Willard McGruder and several other disabled citizens with qualifying dependents sued the U.S. Department of the Treasury and Internal Revenue Service on Wednesday. They claimed the government failed to allow Americans who don't file taxes and couldn't meet an April deadline to notify the IRS of their dependent children to receive additional virus relief payments of $500.
McGruder and the others asked the court to order the IRS to allow them to apply for the qualifying dependent children payments before the 2021 filing season, either online or through other means, and issue the payments to them before the end of the year, according to the complaint.
The U.S. government violated the Administrative Procedure Act and the Fifth Amendment of the U.S. Constitution when it failed to provide federal beneficiary recipients who don't file tax returns with another opportunity to receive their qualifying dependent payments before the 2021 filing season, McGruder said in the complaint.
"Forcing federal benefits recipients to wait until spring 2021 to receive [economic impact payments] for eligible dependent children will exacerbate food and housing insecurity and other economic hardship, causing irreparable harm," the complaint said.
The $1,200 economic impact payments were established in March when President Donald Trump signed the Coronavirus Aid, Relief and Economic Security Act , $2.3 trillion legislation to help businesses and families endure the economic crisis caused by the novel coronavirus pandemic. The virus causes COVID-19, a respiratory illness. Those payments, available to individuals earning $75,000 or less, or to couples that file jointly earning up to $150,000, included an additional $500 for each qualifying child.
In April, the IRS announced that nonfilers receiving Social Security retirement, survivor or disability benefits, railroad retirement benefits, Supplemental Security Income benefits and Veterans Affairs benefits would have to notify the agency of any qualifying dependents who could entitle them to an additional $500 using the online tool before a deadline passed.
House and Senate Democratic lawmakers sent letters before the April 22 deadline, urging the IRS to give people not usually required to file tax returns and who receive benefits from certain federal programs more time to register their children with the IRS indicating their eligibility for the dependent payments.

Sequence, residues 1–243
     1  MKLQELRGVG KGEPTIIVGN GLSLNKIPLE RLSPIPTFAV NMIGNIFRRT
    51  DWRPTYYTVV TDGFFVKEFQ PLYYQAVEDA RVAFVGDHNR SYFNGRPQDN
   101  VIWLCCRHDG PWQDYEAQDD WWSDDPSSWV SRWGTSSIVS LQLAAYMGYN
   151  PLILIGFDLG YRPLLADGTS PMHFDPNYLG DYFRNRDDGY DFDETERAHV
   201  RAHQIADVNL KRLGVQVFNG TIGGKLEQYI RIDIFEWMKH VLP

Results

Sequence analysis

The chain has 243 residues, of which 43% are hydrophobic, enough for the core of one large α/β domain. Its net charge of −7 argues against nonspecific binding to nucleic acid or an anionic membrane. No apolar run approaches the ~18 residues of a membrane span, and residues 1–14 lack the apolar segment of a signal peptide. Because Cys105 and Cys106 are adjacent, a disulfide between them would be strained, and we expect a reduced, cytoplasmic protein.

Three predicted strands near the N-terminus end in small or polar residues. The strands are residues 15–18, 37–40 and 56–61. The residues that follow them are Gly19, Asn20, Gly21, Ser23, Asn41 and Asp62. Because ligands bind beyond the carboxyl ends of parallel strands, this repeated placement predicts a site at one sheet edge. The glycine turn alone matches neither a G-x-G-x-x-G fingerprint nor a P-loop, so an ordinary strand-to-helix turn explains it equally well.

Many disabled and elderly nonfilers were unable to access the online-only form and meet the April deadline to notify the agency whether they would qualify for the additional $500 payments, according to the complaint.
The U.S. government provided no reason or justification why the April deadline was imposed on this particular set of nonfilers who receive federal benefits. Other nonfilers were afforded an extended period of time to notify the agency of their qualifying children so they could receive the additional $500 payments, according to the complaint.
Federal beneficiaries who don't file taxes had only until the April 22 deadline to use the online portal and notify the IRS of any qualifying dependents that could entitle them to additional $500 payments under the coronavirus aid bill, the complaint said. Nonfilers who don't receive benefits from the federal government have until Oct. 15, according to the complaint.
Additionally, those who sought assistance to access the online nonfiler tool before the deadline were often unable to receive any help while the IRS customer service phone lines were unavailable during the agency's shutdown to mitigate the health effects of the pandemic, McGruder said. Low-income taxpayer assistance centers and libraries where nonfilers might receive help and access to the portal were also shuttered before the April deadline, according to the complaint.
Furthermore, the government gave nonfilers too little time to access the online tool and provide the IRS with dependent information, the complaint said.
McGruder's attorney, Ellen T. Noteware of Berger Montague PC, told Law360 that her clients have already been waiting too long for their full economic impact payments, so she doesn't expect them to seek class certification, a process that she said could become tenuous.
"Accordingly, we have not, at this time, filed our case as a class action because our clients, parents and grandparents with disabilities, need relief immediately, this year," Noteware said. "We intend to focus our efforts on securing injunctive relief for our clients as soon as possible."
The U.S. Department of Justice declined to comment.
McGruder is represented by Ellen T. Noteware, Caitlin G. Coslett, Phyllis M. Parker and Nicholas Urban of Berger Montague PC, Jennifer Burdick and Kristen Dama of Community Legal Services Inc., and Christine Speidel and Leslie Book of Villanova Law School's Federal Tax Clinic.
Counsel information for Treasury Secretary Steve Mnuchin, IRS Commissioner Chuck Rettig, the U.S. Department of the Treasury and the IRS wasn't immediately available.
The case is Willard McGruder et al. v. Steven Mnuchin et al., case number 2:20-cv-03590-CFK, in the U.S. District Court for the Eastern District of Pennsylvania.
--Editing by Neil Cohen.
Update: This article has been updated to include additional counsel information for the plaintiffs and Noteware's comment.
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